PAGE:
There are simple, albeit naive, solutions. Cheaper housing and childcare would make staying at home or working a genuine choice rather than a necessity, as would a working culture that is not defined by the hours you work but by the quality of the work that you do - enabling mothers and fathers to do their bit at home and away.

Maybe this is feminism's next task: to redefine how society views the role of caring, and to challenge the notion that ‘progress’ is always moving in the same direction. A stage on from 'women competing in a man's world' would be to elevate caring to a level at which it can also be seen as successful - equal to the providing bit. Then we could, perhaps, put down our defensiveness, and acknowledge that we're all just doing our best with the circumstances we have - and that, most of the time, that's good enough.

We may never see the day when all we're competing over is who raises the most emotionally stable and contented children - but it's a nice thought.

By Louise Dillon

Twitter: @louloudillon

Impatientismymiddlename Thu 27-Feb-14 07:54:42

Did other people have a view on mothers working in the old days or did they just let them get on with it and mind their own business?

The point in the thread is that feminism has caused this change. It therefore wouldn't have been an issue in the old days.
In the old days it was perfectly acceptable (and probably expected) that the mother would stay home and look after the children and the man would go to work and earn a living. There have been times in the old days where women did go to work in their droves as women were seen as a reserve labour force. When the men folk were out fighting wars or when there was a significant labour shortage women were expected to pick up the slack in employment. However, at other times it was expected that the menfolk would be the bread winners and women would be housewives.

I think the point raised upthread about men also having little choice is a good point. Men have always been expected to go out to work to earn a living door the family. A man staying at home with the children is still seen as worse than a woman doing the same by many people (particularly the older generation). Men are frowned upon if they take on certain jobs; nursery nurses, nannies, childminders, midwives.
Society is still by gender specific in its expectations.

I do still think that most SAHP's are women and the discussion is about whether feminism has limited their choices and I believe that whilst it hasn't limited their choices, it has changed the way some sectors of society view the SAHM. Even the govt continually pump money into getting mothers into employment and discourage mothers from staying at home with their children.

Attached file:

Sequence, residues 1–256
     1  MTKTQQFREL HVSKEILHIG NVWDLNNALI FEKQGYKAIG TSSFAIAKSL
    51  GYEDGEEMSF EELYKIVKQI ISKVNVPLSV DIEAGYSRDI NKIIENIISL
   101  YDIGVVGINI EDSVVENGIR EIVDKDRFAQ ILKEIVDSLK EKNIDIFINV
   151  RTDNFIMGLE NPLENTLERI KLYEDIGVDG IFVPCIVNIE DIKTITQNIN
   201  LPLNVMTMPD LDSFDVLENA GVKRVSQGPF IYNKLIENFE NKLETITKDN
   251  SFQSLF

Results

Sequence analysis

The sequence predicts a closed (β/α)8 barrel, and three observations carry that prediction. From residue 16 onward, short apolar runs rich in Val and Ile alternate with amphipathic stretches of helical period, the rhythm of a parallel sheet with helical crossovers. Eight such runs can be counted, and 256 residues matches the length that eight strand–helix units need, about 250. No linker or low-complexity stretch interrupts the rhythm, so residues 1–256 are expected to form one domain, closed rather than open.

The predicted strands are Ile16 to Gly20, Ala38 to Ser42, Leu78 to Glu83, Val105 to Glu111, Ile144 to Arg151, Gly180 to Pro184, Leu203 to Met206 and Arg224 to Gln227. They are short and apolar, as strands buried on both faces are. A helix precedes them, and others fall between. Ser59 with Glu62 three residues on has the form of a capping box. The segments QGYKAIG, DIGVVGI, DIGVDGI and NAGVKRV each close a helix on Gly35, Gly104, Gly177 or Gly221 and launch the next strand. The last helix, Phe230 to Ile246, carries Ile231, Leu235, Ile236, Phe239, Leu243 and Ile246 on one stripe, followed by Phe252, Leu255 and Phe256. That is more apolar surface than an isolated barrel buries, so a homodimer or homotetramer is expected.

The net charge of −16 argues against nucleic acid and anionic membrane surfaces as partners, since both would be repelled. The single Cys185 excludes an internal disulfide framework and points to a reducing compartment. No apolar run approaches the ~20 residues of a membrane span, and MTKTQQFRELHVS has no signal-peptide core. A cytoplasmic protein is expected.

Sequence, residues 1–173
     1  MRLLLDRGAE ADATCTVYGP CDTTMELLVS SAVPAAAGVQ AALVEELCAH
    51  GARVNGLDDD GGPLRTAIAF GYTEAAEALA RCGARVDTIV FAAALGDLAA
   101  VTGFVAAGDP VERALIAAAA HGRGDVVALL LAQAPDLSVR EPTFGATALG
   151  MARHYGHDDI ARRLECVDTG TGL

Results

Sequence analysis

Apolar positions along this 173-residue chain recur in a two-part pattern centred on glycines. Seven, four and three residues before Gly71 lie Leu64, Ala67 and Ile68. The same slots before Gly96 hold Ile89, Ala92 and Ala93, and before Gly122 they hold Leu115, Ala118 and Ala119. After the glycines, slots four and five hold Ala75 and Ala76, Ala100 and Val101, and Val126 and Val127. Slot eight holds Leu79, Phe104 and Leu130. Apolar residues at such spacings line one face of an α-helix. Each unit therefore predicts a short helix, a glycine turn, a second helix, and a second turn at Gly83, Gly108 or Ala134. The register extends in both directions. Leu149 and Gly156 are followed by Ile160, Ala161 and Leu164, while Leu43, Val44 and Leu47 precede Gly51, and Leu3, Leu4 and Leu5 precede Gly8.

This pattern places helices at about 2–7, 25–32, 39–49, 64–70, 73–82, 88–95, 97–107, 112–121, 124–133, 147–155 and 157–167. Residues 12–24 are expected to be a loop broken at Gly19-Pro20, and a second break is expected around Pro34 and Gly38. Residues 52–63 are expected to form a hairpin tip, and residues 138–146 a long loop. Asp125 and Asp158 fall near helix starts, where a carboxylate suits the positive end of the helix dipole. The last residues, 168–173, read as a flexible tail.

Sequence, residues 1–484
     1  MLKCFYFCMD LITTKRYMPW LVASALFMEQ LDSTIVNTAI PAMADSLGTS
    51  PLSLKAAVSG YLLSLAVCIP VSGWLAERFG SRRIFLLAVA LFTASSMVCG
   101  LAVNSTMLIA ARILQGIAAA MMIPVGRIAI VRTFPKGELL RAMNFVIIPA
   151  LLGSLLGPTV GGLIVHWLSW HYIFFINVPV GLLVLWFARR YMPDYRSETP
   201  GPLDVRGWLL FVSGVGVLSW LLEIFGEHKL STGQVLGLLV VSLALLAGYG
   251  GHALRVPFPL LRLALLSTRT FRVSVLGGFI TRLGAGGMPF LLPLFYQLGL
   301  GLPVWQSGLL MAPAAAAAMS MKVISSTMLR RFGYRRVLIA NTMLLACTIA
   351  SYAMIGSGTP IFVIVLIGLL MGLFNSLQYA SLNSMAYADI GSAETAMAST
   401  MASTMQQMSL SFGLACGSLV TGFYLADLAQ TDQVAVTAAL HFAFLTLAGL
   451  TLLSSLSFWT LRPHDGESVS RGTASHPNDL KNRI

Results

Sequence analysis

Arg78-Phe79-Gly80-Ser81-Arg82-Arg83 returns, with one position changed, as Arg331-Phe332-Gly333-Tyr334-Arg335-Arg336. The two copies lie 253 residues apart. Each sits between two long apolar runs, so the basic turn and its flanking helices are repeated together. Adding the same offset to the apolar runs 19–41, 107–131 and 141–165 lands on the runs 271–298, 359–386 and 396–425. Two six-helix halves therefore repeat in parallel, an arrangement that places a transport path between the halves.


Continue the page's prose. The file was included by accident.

Happygolucky2014 Thu 27-Feb-14 08:08:03

I'm so bored of alleged 'femist' gobblewobbleclaptrap. I fell across this article in error. I've heard of Mumsnet - everybody has - but I always refused to go near it. I've never posted on a forum ever - not my style. But I think I've been so wound up of late - to hear women whinging every which way I look. It's ridiculous! What a load of nonsense. Maybe women could just stop feeling sorry for themselves and enjoy things - stop whinging like women ....for a while. I'm a stay home Mum. I love my job. I miss my old corporate world. But I like my 'Mum' job much much more. I had the amazing luck and opportunity of choice which most women around the world do not. My peers (of course I speak personally) that work and complain they can't afford otherwise in most cases have the option of downsizing, finding a smaller house but choose not to.
We rarely hear men complain about how dreadfully hard and exhausting their lives are with so many crucial decisions to make. So perhaps let's try being a little less girly, prevent our over-anxious complaining being passed on to our children (2 dds in my case) toughen up and get on with our lives. What sort of an example are we setting for our children moaning all the time about how hard done by we all are. Life is short. Let's just enjoy the good times. Really.

Impatientismymiddlename Thu 27-Feb-14 08:16:52

Happygolucky - it is possible to have a discussion without complaining.
I am a SAHM and I am very happy to be a SAHM, I enjoy being a SAHM. I know that my husband would happily trade places and be a SAHD.

However, that doesn't change the fact that many people see me as lazy for not having a paid job. I have been asked many times when I am going to get a job and what sort of job do I intend to do. Many people expect both parents to work and many people see SAHMs as being too dependent in their families. Feminism is partly responsible for that idea.

My contentment at being a SAHM doesn't change the fact that house prices are so high that many families have no choice but to have both parents working. I do believe that if far more families didn't have two working parents house prices would be lower (due to affordability and supply and demand).
Govt policies are geared towards getting mothers working whether they want to or not.
The thread is about whether feminism has restricted womens choices, not whether women want to work.

TheHoneyBadger Thu 27-Feb-14 08:23:42

but realistically the govt is telling people who are DYING of cancer that they are just lazy and need to go get a job.

it is telling single mothers whose children are five, don't drive, live in deprived areas and funnily enough can't find jobs in a recession full stop let alone in that area and within school hours, that they are lazy and will be sent on workfare or have their benefits stopped leaving them to starve.

really to be navel gazing about whether people appreciate women privileged enough to be able to choose to be sahms work hard is rather self indulgent.

anklebitersmum Thu 27-Feb-14 09:36:30